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Oil prices climb modestly, shrugging off piracy reports

Crude futures for January delivery rise $1.23 to $77.28 a barrel. Pump prices fall, on average, by 1.9 cents to $2.921 a gallon in California and by a penny to $2.629 nationally.

December 01, 2009|By Ronald D. White

Oil prices rose modestly Monday, but not as high as some analysts had expected amid reports of piracy and other trouble at sea that could have threatened deliveries.

Crude oil futures for January delivery climbed $1.23, or 1.6%, to $77.28 a barrel on the New York Mercantile Exchange. Retail gasoline prices fell, on average, by 1.9 cents to $2.921 a gallon in California and by a penny to $2.629 nationally.

Through last week, U.S. crude supplies were on the rise and running 17 million barrels ahead of last year at 337.8 million barrels, the Energy Department said.

Analysts said they were surprised that oil futures didn't rise further, considering several factors in the news that could have pushed prices up. These included a weak U.S. dollar and reports of piracy on two oceans.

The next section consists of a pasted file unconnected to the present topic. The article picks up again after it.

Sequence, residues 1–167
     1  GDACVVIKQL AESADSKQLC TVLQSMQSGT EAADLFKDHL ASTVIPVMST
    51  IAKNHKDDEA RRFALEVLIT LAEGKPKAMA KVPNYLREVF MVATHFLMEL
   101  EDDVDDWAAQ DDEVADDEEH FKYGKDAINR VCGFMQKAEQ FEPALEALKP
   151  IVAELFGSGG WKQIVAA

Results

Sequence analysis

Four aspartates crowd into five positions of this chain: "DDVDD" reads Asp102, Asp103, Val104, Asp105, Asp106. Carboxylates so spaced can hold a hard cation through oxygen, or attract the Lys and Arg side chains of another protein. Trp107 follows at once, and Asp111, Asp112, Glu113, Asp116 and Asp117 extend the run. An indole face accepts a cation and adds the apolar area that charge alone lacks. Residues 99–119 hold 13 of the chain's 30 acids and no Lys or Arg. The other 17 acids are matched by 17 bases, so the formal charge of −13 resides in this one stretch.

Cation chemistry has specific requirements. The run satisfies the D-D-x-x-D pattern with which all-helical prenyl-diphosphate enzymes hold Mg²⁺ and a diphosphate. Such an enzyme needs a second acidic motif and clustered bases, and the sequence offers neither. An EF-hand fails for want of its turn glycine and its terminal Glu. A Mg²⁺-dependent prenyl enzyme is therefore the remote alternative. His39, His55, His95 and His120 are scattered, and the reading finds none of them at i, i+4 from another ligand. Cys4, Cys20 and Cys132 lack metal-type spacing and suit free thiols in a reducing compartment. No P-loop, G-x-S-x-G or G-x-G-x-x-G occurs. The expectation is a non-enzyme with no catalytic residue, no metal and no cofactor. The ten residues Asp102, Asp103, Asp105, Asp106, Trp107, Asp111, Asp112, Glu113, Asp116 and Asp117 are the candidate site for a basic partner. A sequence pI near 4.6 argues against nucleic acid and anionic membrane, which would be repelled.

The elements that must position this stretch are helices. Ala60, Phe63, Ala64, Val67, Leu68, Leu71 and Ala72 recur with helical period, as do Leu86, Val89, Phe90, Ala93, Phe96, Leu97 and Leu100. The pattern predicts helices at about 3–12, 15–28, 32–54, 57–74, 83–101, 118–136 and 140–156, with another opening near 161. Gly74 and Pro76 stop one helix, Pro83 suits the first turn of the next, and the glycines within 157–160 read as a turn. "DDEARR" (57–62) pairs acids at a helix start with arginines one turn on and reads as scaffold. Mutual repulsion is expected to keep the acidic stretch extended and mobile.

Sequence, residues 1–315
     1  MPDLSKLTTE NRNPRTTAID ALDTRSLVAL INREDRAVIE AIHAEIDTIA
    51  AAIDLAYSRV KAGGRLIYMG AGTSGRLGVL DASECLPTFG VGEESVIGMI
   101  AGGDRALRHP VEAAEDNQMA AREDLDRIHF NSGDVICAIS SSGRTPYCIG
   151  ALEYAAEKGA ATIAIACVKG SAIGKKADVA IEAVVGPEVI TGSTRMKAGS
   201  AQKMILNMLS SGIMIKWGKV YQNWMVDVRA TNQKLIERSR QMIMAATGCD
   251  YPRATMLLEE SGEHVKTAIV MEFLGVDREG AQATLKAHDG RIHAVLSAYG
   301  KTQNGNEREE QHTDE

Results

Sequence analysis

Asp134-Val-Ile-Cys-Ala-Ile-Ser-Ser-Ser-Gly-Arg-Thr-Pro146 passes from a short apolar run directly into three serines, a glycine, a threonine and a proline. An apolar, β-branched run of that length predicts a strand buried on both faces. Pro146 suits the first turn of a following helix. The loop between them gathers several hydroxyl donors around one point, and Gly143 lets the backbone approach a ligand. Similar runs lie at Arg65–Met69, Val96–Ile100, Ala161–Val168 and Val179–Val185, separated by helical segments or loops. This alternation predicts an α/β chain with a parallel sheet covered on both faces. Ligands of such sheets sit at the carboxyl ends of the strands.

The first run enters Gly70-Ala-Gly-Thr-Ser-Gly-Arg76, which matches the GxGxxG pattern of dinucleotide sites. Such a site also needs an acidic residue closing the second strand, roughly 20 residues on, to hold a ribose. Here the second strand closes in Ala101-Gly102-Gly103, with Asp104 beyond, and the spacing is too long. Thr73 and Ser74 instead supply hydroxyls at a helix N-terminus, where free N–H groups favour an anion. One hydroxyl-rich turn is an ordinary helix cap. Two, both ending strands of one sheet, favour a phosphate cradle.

Much of the reason for the moderate response in oil prices had to do with plentiful supplies.

That muffled the effect of a Somali pirate seizure in the Indian Ocean of an oil tanker from Saudi Arabia that had been headed to New Orleans. Reports that Nigeria-based pirates were extending their reach farther out to sea along another key oil shipping route in the Atlantic also seemed to have little effect on oil markets.

"With so much oil available, that kind of news just doesn't have the same kind of big effect that it would have had at this time last year, before the global recession hit full force," said Phil Flynn, an oil analyst at PFCBest Research in Chicago.

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